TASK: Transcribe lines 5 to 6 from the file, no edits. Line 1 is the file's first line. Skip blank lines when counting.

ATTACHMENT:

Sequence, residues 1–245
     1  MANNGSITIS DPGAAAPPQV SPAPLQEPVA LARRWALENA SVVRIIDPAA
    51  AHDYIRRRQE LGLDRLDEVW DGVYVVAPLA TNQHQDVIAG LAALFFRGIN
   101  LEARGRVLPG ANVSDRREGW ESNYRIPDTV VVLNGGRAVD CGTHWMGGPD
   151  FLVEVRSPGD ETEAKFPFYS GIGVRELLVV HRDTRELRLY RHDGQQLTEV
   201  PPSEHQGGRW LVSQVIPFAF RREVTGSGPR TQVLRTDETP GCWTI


   151  FLVEVRSPGD ETEAKFPFYS GIGVRELLVV HRDTRELRLY RHDGQQLTEV
   201  PPSEHQGGRW LVSQVIPFAF RREVTGSGPR TQVLRTDETP GCWTI